Port of Newport  Comments Off on If “Mount NOAA” looks a little smaller, you’re right, it is!
Jun 282011

“Mount NOAA”

Referred to as “Mount NOAA,” bay dredgings that made way for construction of the new NOAA Pacific Marine Headquarters, has been described by some as an eyesore on an otherwise beautiful bay. But others say it’s the sign of progress that will properly shrink from view as local and regional contractors haul the dredgings away for use in local construction projects. How long that might take was the subject of a brief discussion before the Newport Port Authority Tuesday night.

Port Manager Don Mann indicated that about 20% of the “mountain” has been already hauled away by a private contractor. Mann said he’s got a number of additional local contractors who are seriously interested in acquiring large quantities of sandy dredgings for projects they’re working on as well. When asked if there was a deadline for the complete removal of the mountain, Mann said “No, but we’re working as fast as we can to get rid it.” He added that by this time next year, or thereabouts, most of the pile could very well be gone.

In other port business, the board appointed Joann Barton as the Port Commission President effective July 1st. Soon-to-be-former Port President Ginny Goblirsch was elected Vice President. Commissioner Don Mathews was appointed Port Commission Treasurer, Commissioner Dean Fleck was voted Secretary of the commission and David Jincks as Assistant Secretary.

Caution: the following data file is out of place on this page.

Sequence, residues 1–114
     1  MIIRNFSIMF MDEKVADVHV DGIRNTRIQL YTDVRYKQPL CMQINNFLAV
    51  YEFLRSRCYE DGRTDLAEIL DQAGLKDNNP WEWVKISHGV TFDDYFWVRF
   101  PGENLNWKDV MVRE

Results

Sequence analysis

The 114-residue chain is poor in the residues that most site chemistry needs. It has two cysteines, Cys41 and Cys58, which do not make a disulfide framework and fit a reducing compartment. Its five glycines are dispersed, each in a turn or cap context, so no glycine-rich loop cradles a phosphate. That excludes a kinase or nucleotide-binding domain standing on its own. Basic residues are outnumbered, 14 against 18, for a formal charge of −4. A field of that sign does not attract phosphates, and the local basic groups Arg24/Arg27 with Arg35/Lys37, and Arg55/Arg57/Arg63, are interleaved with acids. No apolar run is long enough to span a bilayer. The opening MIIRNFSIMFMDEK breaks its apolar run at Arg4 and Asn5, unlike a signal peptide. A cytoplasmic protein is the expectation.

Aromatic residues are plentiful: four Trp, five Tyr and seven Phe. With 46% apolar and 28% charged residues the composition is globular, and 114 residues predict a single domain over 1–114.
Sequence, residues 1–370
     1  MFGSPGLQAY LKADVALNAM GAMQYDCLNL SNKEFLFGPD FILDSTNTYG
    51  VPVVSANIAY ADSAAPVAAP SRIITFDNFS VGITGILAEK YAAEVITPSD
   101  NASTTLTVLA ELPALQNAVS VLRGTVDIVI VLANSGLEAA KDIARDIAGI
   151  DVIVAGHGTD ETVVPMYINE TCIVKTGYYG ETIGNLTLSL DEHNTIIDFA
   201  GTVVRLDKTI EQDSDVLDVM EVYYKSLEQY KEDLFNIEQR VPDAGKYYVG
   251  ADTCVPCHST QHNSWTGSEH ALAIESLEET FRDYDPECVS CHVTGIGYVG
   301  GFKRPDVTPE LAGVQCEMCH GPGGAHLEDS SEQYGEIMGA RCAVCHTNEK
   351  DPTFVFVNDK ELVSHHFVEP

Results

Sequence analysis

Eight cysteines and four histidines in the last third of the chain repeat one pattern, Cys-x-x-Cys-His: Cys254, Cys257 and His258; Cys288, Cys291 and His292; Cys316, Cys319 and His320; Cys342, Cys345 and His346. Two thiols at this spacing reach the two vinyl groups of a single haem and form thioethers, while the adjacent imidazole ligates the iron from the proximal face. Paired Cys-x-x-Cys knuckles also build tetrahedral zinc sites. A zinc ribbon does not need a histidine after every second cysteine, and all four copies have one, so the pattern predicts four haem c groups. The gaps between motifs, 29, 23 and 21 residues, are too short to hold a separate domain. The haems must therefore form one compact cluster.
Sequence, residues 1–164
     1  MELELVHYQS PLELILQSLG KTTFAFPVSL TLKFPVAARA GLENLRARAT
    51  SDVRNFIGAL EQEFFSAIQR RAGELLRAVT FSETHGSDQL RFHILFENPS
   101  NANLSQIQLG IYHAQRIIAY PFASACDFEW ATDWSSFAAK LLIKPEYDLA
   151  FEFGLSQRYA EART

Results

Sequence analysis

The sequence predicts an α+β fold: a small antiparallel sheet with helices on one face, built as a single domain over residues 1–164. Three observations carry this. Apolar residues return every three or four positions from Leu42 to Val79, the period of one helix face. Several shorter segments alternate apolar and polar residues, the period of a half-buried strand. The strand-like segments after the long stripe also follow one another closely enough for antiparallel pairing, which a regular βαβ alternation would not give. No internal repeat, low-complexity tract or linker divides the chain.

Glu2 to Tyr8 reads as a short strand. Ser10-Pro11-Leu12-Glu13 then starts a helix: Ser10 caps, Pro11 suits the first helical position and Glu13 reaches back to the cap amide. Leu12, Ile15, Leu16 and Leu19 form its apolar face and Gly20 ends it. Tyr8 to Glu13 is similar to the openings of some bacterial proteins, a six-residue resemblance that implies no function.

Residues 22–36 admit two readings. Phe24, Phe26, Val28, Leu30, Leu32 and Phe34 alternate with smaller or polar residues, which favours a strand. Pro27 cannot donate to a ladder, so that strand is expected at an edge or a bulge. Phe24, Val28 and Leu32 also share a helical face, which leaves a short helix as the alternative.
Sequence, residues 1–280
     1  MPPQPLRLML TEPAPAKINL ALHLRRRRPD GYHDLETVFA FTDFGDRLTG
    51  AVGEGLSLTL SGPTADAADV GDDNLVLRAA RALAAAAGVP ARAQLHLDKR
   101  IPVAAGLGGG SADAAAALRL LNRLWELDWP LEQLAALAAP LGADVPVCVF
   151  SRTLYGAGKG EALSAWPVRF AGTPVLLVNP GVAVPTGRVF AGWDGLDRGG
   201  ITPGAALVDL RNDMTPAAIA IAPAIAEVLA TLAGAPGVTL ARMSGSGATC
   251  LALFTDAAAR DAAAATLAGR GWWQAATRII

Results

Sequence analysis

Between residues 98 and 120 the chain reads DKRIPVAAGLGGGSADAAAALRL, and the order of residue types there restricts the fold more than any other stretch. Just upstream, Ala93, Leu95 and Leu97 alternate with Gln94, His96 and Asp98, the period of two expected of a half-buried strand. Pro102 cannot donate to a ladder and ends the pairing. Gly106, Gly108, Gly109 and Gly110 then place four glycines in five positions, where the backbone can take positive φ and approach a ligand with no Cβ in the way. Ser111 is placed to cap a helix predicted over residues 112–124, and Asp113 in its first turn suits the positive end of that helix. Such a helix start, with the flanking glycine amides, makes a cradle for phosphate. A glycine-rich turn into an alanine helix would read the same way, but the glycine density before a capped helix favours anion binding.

Port Commissioners thanked Goblirsch for her tireless efforts to monitor and verify that things were going as well as they seemed to be going with the NOAA project and for her efforts to involve everyone in the process. Goblirsch said it was time that she backed off “just a little” and let the Port move forward with all the benefits of a very successful NOAA project and soon-to-be grand opening to the public in late August.

Port Manager Don Mann and Day CPM chief Joshua Dodson gave an update on the International Terminal project. They’re nearing the end of the first phase of installing a new pier structure on the bay side of the property and removing the USS Paisley which is just about thoroughly gutted. It’s no longer needed as a pier support under-story. According to a work session discussion earlier in the day, the point was made that the Port of Newport and others must now concentrate on acquiring sufficient funds to complete the terminal which is slated for heavier ocean going maintenance, shipping and other activities. Mann said he’s receiving very serious inquiries from major shipping companies who want to know when the terminal will be complete because they want to start using it. Shipping logs is a common theme he’s hearing. A long list of funding sources are being explored, according to a report submitted to the port commission by Mann.